Monday, July 23, 2007

Bodysurfing, Volume 2

The assumption here is that you are standing in four feet of water somewhere off the shore of a northeastern American beach. It would be low tide.

(Of course it's low tide. Were it high, the water would be too deep to stand in and the wave, once it picked you up, would ram you vertically into the sand at the water's edge, the way those machines insert, then hammer pilings into the ground.)

As noted earlier, you can feel the pull of the wave without seeing it. I mean, if you stared out at the ocean, you'd see it, but you're staring at the shore. You can feel the water pulling you seaward, even as you dig your feet in the sand and lean against the flow. You're reminded briefly of that Hamlet soliloquy, but you shake it off. You half-swim, half-walk--really only holding position--towards shore as the wave approaches. You can do this because the water's getting shallower as the wave evacuates the area before it.

At the appropriate moment you spring forward as hard as you can. You can kick and paddle a couple of times, but if you need to paddle any more than that you've probably missed the wave anyway. When we say paddle we are, of course, referring to the Australian Crawl. After about the third stroke you reach out with both hands, pull them down and back hard (this is now more like the Butterfly stroke), then fold them flat against your side, arch your back, open your eyes (if you've shut them), and feel the wave lift you up.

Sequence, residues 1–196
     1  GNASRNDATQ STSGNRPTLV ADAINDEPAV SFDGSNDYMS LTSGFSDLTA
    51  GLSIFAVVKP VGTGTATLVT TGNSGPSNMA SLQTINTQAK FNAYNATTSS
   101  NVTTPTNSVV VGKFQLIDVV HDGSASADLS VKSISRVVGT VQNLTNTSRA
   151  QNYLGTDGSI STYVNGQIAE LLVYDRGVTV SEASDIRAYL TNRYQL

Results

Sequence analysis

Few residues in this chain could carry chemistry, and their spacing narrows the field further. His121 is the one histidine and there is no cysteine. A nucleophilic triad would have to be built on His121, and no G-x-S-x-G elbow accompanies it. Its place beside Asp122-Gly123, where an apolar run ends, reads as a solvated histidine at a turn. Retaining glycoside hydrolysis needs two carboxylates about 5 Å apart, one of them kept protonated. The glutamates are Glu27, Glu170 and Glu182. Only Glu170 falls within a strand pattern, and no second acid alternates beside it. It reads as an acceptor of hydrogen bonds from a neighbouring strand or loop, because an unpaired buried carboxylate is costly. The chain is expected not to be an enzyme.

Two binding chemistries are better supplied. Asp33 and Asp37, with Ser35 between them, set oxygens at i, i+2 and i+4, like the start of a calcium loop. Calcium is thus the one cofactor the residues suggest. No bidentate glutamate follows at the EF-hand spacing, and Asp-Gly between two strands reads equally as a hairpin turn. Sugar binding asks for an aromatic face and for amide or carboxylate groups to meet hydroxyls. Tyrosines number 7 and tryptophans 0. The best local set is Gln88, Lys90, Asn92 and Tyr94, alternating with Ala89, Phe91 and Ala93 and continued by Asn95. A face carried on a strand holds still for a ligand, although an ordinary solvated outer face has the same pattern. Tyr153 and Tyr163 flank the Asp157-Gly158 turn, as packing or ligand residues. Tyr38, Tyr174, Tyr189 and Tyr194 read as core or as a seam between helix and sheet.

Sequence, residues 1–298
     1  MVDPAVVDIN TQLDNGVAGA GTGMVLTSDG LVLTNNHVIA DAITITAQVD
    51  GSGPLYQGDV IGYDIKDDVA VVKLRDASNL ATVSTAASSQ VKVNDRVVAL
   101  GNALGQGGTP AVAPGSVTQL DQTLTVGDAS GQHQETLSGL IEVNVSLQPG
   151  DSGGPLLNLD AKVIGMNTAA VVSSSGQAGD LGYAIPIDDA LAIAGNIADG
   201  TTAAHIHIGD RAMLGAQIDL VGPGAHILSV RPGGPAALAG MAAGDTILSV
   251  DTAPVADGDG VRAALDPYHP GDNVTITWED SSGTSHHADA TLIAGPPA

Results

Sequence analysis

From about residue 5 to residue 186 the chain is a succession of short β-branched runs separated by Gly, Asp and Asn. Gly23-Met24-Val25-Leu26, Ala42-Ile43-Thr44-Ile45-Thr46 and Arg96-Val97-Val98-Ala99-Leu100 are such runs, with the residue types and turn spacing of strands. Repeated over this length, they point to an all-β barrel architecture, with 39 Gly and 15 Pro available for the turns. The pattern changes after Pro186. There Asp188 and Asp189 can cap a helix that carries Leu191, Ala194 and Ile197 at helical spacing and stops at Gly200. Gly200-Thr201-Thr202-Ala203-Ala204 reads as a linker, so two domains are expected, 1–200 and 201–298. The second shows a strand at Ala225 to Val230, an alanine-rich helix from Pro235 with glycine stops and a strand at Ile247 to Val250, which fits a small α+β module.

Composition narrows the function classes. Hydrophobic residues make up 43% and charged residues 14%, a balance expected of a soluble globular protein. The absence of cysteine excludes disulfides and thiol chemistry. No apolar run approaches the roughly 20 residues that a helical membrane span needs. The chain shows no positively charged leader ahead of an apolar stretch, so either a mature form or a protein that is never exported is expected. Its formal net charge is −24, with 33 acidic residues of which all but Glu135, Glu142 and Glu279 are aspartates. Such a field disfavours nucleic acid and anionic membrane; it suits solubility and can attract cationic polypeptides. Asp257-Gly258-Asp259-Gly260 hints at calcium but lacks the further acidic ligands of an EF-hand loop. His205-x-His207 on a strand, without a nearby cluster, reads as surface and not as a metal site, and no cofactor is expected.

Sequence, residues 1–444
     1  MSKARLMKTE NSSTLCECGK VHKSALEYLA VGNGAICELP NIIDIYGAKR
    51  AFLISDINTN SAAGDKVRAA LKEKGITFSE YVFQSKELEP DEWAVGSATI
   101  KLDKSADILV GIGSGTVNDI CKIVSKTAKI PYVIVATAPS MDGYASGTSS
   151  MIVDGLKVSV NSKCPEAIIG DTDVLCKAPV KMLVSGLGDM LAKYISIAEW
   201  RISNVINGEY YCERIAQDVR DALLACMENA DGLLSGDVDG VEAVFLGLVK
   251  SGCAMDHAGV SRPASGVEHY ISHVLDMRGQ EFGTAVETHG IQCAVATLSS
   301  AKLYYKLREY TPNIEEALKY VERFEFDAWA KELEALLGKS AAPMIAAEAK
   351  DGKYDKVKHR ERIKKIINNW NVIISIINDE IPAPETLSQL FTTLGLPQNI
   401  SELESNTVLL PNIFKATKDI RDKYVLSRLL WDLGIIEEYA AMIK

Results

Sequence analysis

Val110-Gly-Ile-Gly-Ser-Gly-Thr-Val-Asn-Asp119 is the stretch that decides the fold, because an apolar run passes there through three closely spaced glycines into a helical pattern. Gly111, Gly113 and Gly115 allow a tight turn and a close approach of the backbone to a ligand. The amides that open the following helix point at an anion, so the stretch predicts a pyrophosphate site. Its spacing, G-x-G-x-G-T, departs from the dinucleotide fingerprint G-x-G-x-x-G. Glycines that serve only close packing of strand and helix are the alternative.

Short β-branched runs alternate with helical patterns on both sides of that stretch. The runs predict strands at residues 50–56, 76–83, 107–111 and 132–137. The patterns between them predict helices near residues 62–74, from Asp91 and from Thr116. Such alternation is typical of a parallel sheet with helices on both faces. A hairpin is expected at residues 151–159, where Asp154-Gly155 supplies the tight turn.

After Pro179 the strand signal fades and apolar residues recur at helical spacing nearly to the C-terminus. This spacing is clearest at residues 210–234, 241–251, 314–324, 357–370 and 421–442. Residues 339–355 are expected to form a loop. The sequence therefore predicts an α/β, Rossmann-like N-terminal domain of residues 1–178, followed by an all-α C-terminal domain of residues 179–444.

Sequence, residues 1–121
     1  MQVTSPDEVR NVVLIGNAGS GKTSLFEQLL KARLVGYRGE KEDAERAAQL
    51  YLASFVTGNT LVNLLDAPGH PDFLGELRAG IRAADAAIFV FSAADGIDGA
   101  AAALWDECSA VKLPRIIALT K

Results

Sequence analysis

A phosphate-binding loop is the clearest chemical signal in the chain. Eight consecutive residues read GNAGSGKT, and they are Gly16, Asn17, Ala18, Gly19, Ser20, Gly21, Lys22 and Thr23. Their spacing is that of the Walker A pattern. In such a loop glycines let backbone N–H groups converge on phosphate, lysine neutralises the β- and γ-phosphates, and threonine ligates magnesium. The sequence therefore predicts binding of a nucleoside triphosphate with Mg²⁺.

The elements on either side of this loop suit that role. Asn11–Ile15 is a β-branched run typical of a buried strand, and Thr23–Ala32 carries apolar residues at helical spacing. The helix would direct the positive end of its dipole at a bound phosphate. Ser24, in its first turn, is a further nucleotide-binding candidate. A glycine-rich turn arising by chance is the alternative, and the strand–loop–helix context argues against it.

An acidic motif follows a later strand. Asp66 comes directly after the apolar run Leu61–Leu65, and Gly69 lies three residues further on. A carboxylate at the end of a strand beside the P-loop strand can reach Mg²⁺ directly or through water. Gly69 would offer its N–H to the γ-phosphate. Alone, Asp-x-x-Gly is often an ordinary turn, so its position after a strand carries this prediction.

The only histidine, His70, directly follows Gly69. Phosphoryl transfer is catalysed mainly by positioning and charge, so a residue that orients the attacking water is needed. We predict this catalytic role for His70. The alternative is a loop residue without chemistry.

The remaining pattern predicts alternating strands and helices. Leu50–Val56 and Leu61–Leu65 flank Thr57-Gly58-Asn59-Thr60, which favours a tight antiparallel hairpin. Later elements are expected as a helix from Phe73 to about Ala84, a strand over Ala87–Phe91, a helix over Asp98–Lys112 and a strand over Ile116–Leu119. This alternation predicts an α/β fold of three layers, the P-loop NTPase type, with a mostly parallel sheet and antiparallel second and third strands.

There is a moment when you are about two-thirds up the face of the wave, rising quickly, your head and shoulders protruding, completely free of the water.

This is the moment for which you have paid the big bucks. Despite the No Fear decal on the windshield of your Volkswagon you realize you are scared to death. You whisper, sotto voce, the words "Oh shit."

Life is good.

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